DAR ES SALAAM (Reuters) - Lawyers representing a prominent Tanzanian journalist demanded on Wednesday that authorities who have charged him with financial crimes conclude their investigations and release him if they lack evidence.
A Tanzanian court postponed the hearing against Erick Kabendera for the fifth time since his arrest in July in a case that right groups and his lawyers say is politically motivated.
Kabendera, who has written for British newspapers, including The Times of London and The Guardian, has been charged with leading organised crime, failing to pay taxes and money laundering.
He has been in jail since his arrest on July 29 as money laundering charges are not a bailable offences in Tanzania.
“It has been two months now since our client was arrested and he hasn’t been allowed to enter a plea because police have not concluded their investigations,” Jebra Kambole, Kabendera’s lead counsel, told Reuters.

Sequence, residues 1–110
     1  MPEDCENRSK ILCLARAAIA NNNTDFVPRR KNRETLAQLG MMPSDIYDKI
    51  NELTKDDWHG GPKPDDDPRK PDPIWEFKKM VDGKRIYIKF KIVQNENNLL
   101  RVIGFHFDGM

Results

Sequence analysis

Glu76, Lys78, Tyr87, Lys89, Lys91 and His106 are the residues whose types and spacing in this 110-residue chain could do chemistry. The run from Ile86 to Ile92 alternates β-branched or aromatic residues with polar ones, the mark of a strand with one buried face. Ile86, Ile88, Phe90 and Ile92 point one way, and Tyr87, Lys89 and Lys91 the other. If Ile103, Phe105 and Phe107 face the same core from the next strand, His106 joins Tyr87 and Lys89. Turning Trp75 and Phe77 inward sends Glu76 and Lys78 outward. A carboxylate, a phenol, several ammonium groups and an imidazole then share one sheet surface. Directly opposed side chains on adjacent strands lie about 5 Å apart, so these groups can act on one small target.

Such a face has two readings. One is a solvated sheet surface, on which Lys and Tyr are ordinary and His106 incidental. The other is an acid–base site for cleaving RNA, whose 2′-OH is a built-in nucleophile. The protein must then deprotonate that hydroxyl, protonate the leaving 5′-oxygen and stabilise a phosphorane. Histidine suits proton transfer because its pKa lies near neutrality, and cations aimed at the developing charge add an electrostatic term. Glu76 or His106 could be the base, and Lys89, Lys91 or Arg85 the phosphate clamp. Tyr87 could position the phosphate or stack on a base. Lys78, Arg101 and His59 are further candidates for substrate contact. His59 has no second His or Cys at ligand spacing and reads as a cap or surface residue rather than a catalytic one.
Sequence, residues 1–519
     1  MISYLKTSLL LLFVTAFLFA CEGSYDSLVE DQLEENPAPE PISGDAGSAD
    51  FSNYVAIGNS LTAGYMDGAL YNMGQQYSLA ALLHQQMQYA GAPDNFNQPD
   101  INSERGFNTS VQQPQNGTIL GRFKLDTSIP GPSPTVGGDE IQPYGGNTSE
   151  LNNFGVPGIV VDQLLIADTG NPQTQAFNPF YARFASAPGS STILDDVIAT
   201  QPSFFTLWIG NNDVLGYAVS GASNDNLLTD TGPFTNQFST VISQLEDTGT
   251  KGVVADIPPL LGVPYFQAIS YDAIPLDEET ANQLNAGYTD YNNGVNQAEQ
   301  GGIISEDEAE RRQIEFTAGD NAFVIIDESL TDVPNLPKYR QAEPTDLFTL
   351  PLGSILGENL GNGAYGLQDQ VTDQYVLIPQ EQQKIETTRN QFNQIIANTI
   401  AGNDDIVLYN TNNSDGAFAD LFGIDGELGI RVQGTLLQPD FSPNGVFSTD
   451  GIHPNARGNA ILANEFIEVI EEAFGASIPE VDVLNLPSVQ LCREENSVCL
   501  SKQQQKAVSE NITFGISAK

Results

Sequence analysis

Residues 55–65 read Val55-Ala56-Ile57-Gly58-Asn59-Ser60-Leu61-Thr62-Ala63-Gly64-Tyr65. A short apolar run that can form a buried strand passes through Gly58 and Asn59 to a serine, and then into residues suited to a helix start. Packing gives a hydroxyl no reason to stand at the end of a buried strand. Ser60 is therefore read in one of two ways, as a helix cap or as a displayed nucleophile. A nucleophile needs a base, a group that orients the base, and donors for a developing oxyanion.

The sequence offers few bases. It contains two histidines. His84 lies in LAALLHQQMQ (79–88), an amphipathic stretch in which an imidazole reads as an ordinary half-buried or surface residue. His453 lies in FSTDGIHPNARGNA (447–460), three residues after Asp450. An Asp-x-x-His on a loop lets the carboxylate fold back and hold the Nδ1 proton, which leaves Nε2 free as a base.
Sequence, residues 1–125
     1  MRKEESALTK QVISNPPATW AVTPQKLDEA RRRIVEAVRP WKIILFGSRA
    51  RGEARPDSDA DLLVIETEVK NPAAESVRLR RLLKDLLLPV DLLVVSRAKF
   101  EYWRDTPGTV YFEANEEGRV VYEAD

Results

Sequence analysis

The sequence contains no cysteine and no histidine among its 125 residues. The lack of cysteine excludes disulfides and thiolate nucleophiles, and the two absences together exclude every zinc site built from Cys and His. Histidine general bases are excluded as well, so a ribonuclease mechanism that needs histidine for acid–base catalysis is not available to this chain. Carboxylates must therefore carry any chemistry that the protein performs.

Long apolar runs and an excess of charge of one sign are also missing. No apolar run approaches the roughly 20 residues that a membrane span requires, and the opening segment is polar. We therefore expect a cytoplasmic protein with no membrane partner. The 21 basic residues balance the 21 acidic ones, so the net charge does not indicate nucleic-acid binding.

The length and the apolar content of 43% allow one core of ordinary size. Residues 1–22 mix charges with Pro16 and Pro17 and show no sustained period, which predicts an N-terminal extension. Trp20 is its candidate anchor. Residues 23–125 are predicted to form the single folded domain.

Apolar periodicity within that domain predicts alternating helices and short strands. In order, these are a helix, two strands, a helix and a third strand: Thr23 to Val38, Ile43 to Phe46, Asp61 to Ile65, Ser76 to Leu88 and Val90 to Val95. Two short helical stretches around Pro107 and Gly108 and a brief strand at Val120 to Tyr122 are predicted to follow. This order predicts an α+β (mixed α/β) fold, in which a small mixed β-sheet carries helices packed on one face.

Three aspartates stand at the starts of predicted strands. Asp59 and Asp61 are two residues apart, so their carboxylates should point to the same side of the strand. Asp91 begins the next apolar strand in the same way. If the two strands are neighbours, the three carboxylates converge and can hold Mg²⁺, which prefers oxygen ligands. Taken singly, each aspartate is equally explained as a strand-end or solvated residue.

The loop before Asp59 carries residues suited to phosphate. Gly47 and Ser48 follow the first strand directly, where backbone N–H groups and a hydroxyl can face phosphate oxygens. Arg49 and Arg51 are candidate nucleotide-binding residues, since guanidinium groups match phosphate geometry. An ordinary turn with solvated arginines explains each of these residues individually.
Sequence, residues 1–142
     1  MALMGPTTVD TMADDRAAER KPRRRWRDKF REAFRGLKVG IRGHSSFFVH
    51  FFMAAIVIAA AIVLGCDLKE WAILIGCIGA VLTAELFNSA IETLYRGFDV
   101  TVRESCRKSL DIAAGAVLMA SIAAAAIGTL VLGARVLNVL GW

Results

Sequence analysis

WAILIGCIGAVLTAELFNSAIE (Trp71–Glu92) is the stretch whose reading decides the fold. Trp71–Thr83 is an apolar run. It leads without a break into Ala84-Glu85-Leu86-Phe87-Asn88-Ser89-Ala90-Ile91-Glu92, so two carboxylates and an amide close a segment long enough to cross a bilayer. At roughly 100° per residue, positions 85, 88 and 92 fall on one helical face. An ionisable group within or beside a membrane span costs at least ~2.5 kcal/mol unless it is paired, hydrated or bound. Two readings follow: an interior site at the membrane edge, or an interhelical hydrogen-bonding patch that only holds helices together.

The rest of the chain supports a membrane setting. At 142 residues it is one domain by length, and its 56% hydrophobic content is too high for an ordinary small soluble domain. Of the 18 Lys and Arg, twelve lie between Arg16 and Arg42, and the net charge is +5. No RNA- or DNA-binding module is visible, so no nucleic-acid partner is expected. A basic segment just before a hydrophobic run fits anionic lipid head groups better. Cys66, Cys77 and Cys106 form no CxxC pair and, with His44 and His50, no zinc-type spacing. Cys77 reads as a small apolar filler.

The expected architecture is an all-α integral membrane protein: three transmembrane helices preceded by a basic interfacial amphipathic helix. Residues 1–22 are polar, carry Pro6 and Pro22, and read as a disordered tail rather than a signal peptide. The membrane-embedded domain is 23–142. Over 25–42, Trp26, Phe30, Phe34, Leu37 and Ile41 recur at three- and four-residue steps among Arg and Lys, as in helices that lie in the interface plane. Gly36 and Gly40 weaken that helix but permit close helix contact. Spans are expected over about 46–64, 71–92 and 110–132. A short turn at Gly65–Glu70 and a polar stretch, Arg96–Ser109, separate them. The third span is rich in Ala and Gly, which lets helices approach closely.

“We can’t even know if he has a case to answer or not.”
Rights groups say press freedom in Tanzania has drastically deteriorated since the election in 2015 of President John Magufuli.
His administration has suspended some newspapers, arrested opposition leaders and restricted political rallies. The government has rejected the criticism.
Authorities said on Wednesday at the Kisutu Resident Magistrate’s Court in Tanzania’s commercial capital Dar es Salaam that they needed more time to complete their investigations. The judge postponed the case until Oct. 1.
Kabendera told the court at his appearance on Sept 12 that his health had been deteriorating.
He was limping in court on Wednesday, a video clip posted on the Twitter feed of the online news platform Watetezi TV showed, and said he had been examined by doctors at a local hospital in Dar es Salaam.
“They did x-rays and early test results showed that I have back problems,” he was quoted as saying and added results from additional tests may be ready by the end of the week.
Medical personnel had also told him he has a dislocated disc on his back, Kambole said.
The journalist is being held at the Segerea prison, a maximum security facility on the outskirts of Dar es Salaam. Most of Tanzania’s prisons are overcrowded, resulting in poor conditions for inmates, rights groups say.
Reporting by Fumbuka Ng’wanakilala; writing by Omar Mohammed; Editing by David Gregorio